Environment

The Winter Grab: “First-of-its-kind” Great Lakes winter sampling takes place

Research institutions from across Canada and the U.S. collaborate to collect and analyze carbon samples from the Great Lakes during peak ice coverage

  • Feb 23, 2022
  • 572 words
  • 3 minutes
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In a first-of-its-kind campaign, researchers from Canada and the U.S. visited all five Great Lakes last week to analyze and collect carbon samples from the ice and water. The project, aptly named the Winter Grab, is a cross-border collaboration between Canadian universities — including Trent, Lakehead and Windsor — and U.S. research facilities. The aim: to observe water quality and life in and underneath the ice. The Winter Grab is spearheaded by Marguerite Xenopoulos, Canada Research Chair in Global Change of Freshwater Ecosystems and professor at Trent University.

The Winter Grab fills a research gap in a season often ignored by scientists studying and sampling the Great Lakes, with most researchers focusing on spring and summer sampling, according to Xenopoulos, an expert in dissolved organic carbon. “The urgency was that winter in the Great Lakes is rapidly changing because of climate change,” says Xenopoulos. The lack of knowledge around the rapid loss of ice in the Great Lakes — where 20 per cent of the world’s surface freshwater is held — provided Xenopoulos’ team with the impetus to explore why this is happening. 

“There’s this belief that winter is mainly a time of dormancy with very little biological activity,” says Xenopoulos. “We now know that this is not true. Life under the ice, and in the ice, can be diverse.” The project was three years in the making and, with funding finally provided, the team started to officially plan the Winter Grab last year.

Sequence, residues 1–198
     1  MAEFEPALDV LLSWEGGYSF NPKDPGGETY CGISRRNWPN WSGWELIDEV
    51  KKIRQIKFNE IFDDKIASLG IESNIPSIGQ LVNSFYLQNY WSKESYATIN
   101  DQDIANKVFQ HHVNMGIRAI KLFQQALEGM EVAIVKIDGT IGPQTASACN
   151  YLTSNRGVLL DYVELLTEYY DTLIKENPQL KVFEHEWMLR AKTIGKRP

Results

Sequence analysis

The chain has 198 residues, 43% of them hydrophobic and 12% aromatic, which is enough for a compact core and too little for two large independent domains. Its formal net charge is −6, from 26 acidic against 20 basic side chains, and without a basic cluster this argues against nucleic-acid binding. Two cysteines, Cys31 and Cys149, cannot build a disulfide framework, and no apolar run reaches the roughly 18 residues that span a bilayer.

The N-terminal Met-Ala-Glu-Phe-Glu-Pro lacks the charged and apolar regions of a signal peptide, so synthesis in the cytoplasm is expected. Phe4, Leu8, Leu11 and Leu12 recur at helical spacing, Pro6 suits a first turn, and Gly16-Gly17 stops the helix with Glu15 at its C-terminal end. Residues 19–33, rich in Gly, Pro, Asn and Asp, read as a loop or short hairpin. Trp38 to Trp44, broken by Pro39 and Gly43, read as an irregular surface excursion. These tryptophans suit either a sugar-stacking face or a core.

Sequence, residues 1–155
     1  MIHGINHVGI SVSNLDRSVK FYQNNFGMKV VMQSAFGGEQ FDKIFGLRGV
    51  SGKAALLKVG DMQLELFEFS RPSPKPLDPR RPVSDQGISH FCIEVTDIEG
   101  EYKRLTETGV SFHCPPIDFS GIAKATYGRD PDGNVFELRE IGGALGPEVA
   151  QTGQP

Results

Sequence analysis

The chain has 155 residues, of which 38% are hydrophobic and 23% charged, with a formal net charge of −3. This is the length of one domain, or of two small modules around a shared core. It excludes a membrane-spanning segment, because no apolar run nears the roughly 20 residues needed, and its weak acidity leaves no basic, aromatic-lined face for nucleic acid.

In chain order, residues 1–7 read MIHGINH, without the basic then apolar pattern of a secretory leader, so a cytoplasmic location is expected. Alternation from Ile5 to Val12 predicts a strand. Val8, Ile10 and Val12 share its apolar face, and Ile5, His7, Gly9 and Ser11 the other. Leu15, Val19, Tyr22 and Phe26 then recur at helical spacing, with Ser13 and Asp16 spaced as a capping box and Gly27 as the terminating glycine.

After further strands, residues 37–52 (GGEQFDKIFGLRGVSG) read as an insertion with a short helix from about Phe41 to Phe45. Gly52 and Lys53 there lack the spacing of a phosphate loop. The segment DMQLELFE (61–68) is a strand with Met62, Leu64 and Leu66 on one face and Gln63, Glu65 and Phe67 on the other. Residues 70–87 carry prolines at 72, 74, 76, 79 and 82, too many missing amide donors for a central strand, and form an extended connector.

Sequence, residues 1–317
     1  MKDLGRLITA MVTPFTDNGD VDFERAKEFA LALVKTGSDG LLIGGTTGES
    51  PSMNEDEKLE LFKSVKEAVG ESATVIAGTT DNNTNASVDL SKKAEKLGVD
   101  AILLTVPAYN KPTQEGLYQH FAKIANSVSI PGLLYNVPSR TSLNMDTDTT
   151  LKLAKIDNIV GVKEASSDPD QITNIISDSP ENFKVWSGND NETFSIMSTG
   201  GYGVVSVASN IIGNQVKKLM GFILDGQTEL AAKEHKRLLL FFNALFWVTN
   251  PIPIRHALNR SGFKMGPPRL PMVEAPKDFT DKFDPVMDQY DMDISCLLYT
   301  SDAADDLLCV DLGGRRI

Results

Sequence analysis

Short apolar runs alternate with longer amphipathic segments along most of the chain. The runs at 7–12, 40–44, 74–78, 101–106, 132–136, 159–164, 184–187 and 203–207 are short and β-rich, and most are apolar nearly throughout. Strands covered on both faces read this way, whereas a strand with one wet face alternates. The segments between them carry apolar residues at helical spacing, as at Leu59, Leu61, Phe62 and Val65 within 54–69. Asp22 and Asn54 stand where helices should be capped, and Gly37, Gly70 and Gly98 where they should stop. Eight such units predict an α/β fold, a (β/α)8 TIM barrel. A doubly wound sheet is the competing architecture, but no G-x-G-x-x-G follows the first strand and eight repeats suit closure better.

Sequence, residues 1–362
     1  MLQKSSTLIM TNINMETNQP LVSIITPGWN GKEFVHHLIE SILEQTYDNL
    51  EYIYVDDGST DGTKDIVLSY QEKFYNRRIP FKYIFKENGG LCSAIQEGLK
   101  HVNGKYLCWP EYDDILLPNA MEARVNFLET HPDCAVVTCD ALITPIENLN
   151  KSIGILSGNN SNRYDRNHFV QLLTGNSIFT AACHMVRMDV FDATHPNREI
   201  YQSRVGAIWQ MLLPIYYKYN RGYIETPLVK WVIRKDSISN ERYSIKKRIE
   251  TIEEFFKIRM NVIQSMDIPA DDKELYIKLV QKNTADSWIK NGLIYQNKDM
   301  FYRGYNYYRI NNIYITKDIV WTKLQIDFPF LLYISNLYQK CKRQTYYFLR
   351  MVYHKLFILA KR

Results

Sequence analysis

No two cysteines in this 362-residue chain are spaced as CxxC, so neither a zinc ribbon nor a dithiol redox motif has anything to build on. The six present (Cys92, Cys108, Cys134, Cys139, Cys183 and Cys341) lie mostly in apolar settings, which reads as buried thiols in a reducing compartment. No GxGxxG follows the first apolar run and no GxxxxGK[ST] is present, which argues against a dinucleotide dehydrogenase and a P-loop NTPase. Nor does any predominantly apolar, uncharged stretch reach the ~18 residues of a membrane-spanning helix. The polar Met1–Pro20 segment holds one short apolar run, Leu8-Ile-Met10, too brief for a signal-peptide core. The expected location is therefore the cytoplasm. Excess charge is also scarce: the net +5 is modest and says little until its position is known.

Trent University Masters student Anthony Arsenault takes a water sample during the Winter Grab. (Photo courtesy Nolan Pearce)
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The project also provides unique opportunities for students. Nolan Pearce, also a professor at Trent University, was invited to help lead graduate students to provide assistance in the field.

“Some of the students are getting hands-on experience and samples that they don’t get with their own projects,” says Pearce. “Winter sampling is less common than more traditional limnological sampling. So, they’re getting to core holes through the ice with the auger, see how we take these kinds of underwater samples and just be out in an environment they don’t normally get to be in.”

Feb. 14 was chosen as the start date for the Winter Grab due to it being “the historical peak for ice cover for the Great Lakes,” according to Pearce. The project was estimated to take around a week to complete, with the time needed to gather the results and analyze each sample. 

Some Winter Grab researchers are examining winter algae populations. Xenopoulos points out that the Great Lakes are potential hotspots for algal blooms. She adds that the amount of algae growth during winter could impact the likelihood of large summer blooms, such as the one that occurred in Lake Erie in 2014 and forced the shutdown of drinking water intake for the city of Toledo, Ohio. Algae consume excess phosphorus and nitrogen from agricultural runoff into their biomass, causing the algae to multiply in warm, calm summer waters, and then slowly release harmful toxins into the lake. 

Xenopoulos is also keen to highlight the collaborative nature of the project. “The unique thing about this expedition is that it’s the first time there’s going to be a bunch of us there. We’re all collecting the samples in the same way at the same time. Then, everyone’s bringing in their expertise and measuring different components of the samples collected,” says Xenopoulos.

By studying samples from the Great Lakes, the Winter Grab can better help scientists better understand the effects of global warming on both the lakes and the planet as a whole.

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